Non-P.R. Employers will be subject to withholding and reporting requirements on payroll payments made to Puerto Rico resident employees. In general, under the PR Internal Revenue Code (“PR Code”) and the regulations issued thereunder, every employer paying wages must deduct and withhold income taxes from the total amount of wages using the withholding schedules approved by the PR Secretary of the Treasury. For these purposes, “wages” means all remuneration for services performed by an employee for his employer, including the remuneration paid for services rendered by a Puerto Rico resident as employee of a foreign entity (i.e., non-PR entity) not ETB-PR. To report the payment(s) and remit the taxes withheld, the Non-P.R. Employer will be required to register at SURI.
P.R. Employers will be subject to U.S. withholding and reporting requirements on payroll payments made to employees who are U.S. citizens and residents, unless the compensation paid is excludible from the definition of wages. One of these exclusions is for Puerto Rico resident employees who render services in Puerto Rico. If the employee becomes a resident of the U.S., this exclusion will not apply and the P.R. Employers could be required to withhold and remit U.S. payroll taxes.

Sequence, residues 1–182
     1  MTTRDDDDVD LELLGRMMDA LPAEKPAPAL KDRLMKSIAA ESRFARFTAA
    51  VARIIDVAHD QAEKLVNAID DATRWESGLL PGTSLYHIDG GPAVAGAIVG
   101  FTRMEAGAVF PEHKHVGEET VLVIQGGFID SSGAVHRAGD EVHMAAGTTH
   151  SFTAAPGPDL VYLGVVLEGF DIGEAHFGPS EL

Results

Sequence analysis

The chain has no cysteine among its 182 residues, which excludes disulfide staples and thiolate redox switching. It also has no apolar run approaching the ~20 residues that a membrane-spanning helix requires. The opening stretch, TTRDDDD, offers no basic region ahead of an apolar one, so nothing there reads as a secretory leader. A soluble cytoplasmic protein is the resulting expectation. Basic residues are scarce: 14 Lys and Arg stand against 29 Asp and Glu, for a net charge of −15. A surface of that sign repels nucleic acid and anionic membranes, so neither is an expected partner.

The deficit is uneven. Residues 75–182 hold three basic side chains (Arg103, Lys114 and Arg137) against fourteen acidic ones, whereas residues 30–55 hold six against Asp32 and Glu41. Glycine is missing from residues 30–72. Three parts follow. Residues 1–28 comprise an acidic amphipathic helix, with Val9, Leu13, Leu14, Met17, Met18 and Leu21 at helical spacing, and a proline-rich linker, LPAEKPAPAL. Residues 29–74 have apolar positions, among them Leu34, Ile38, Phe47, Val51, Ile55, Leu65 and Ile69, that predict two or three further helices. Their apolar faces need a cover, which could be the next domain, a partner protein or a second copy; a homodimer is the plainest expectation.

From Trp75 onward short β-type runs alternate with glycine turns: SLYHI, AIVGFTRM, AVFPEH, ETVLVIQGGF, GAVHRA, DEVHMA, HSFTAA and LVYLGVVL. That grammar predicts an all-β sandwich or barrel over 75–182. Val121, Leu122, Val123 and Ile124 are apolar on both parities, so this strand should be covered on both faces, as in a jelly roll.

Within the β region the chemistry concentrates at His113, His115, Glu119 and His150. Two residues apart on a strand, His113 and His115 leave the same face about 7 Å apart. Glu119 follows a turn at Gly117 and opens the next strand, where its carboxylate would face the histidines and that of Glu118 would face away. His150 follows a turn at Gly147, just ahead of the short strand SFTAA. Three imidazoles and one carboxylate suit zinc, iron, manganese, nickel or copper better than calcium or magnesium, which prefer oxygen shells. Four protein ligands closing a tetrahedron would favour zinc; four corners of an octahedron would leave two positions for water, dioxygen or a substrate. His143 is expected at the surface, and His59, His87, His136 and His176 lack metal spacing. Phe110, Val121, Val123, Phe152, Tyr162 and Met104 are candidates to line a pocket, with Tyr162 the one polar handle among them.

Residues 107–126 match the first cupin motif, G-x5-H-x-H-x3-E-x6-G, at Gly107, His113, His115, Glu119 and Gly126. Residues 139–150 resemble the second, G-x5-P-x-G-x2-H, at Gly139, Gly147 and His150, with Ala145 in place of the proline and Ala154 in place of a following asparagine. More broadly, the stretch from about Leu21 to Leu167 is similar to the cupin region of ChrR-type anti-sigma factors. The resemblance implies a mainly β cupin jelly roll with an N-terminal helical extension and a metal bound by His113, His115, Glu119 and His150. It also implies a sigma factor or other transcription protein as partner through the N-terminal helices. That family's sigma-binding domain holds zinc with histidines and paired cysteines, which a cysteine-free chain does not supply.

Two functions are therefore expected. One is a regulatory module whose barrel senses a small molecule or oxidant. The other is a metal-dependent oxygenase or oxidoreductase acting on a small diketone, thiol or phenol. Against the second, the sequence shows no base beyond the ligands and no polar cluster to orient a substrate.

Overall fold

Other State Tax Considerations
Businesses should pay careful attention to guidance published by states in which they have employees working remotely to determine if the employees’ presence at the remote worksites establishes nexus and employer withholding obligations for the business.
If you find yourself considering these options, or already in the process of moving to Puerto Rico or any other U.S. territory to work remotely, get in contact with me for a personalized consultation. If you have more questions, or need further guidance on planning your tax strategy, let’s discuss. I'm always happy to provide detailed and personalized guidance through a 1:1 consultation. You may book the best day and time for you to meet by contacting me to schedule your consultation.